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Leveraging Intra-User and Inter-User Representation Learning for Automated Hate Speech Detection
Jing Qian | Mai ElSherief | Elizabeth Belding | William Yang Wang
Proceedings of the 2018 Conference of the North American Chapter of the Association for Computational Linguistics: Human Language Technologies, Volume 2 (Short Papers)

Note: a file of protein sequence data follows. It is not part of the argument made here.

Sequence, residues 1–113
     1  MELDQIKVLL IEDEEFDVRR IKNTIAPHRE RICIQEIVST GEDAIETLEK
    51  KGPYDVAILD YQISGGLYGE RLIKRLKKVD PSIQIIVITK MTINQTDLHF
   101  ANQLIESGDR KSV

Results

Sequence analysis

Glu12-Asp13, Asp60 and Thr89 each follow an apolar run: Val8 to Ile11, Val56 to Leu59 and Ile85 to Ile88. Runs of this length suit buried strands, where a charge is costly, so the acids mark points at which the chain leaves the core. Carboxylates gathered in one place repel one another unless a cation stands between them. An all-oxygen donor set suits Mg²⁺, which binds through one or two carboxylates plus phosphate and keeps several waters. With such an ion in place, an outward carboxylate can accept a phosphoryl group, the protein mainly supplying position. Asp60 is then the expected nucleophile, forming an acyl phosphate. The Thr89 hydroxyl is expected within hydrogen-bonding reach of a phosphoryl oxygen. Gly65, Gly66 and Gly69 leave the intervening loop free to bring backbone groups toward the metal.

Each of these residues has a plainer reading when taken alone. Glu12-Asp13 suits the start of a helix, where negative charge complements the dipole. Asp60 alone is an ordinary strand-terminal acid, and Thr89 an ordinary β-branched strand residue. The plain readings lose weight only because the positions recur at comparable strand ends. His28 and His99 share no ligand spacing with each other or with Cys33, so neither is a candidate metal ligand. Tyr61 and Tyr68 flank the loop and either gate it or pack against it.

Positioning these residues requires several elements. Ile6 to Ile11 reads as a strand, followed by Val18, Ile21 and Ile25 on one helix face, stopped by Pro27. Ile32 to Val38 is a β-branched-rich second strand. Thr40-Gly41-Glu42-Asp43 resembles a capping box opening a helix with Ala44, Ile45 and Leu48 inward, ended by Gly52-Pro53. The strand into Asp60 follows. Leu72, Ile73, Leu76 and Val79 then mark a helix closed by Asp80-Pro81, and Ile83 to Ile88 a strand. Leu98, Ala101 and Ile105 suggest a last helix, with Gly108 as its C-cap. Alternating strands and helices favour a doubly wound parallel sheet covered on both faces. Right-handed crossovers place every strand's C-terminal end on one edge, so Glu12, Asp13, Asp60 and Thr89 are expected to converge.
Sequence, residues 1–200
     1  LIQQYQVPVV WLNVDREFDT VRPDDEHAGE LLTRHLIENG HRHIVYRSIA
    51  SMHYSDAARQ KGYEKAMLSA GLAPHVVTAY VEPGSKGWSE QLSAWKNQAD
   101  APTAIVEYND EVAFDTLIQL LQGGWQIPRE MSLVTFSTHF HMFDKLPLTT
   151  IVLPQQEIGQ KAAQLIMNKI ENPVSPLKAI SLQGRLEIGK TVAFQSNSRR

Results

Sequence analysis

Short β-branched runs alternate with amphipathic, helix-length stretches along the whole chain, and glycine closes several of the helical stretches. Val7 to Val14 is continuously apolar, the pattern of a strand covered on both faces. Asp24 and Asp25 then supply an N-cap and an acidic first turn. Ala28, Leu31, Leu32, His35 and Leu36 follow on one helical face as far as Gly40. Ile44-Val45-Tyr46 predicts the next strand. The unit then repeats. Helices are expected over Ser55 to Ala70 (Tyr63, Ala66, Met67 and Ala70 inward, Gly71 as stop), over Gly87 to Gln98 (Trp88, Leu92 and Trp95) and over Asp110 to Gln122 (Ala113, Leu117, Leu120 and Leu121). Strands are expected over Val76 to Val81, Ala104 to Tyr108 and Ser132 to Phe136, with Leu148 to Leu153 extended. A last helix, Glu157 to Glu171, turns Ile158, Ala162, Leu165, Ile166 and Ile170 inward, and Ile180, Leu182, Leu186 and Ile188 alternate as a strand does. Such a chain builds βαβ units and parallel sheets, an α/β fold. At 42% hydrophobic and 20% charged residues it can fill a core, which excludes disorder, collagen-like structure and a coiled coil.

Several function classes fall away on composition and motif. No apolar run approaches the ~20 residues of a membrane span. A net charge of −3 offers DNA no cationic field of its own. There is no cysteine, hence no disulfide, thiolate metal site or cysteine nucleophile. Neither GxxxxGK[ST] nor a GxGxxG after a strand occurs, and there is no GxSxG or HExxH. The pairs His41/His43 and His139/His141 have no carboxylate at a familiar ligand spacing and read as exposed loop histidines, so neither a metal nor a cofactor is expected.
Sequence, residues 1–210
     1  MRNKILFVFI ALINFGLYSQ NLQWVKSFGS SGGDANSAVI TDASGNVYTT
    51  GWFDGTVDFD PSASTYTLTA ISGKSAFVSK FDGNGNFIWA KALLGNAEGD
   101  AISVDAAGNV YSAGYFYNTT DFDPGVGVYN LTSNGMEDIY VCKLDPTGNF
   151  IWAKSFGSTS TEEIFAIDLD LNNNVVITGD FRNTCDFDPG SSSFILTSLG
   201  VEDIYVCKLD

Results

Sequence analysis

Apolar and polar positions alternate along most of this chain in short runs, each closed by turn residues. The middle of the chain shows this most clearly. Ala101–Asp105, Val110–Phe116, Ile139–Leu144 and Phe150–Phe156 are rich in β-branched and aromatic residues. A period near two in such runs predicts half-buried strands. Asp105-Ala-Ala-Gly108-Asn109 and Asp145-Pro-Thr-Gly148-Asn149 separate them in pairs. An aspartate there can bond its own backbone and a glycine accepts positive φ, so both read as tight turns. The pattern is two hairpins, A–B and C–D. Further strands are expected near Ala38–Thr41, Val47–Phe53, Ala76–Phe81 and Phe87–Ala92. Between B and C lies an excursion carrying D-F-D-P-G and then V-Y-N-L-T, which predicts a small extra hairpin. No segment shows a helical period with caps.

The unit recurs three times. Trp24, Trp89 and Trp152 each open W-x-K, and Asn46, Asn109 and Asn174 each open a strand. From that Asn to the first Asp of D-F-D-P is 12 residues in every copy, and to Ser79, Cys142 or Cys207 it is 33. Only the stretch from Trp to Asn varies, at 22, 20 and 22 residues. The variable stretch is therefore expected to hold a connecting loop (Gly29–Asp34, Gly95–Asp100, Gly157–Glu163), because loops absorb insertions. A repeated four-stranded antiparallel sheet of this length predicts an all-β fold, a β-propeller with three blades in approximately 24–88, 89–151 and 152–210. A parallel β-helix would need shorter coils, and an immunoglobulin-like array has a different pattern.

Hate speech detection is a critical, yet challenging problem in Natural Language Processing (NLP). Despite the existence of numerous studies dedicated to the development of NLP hate speech detection approaches, the accuracy is still poor. The central problem is that social media posts are short and noisy, and most existing hate speech detection solutions take each post as an isolated input instance, which is likely to yield high false positive and negative rates. In this paper, we radically improve automated hate speech detection by presenting a novel model that leverages intra-user and inter-user representation learning for robust hate speech detection on Twitter. In addition to the target Tweet, we collect and analyze the user’s historical posts to model intra-user Tweet representations. To suppress the noise in a single Tweet, we also model the similar Tweets posted by all other users with reinforced inter-user representation learning techniques. Experimentally, we show that leveraging these two representations can significantly improve the f-score of a strong bidirectional LSTM baseline model by 10.1%.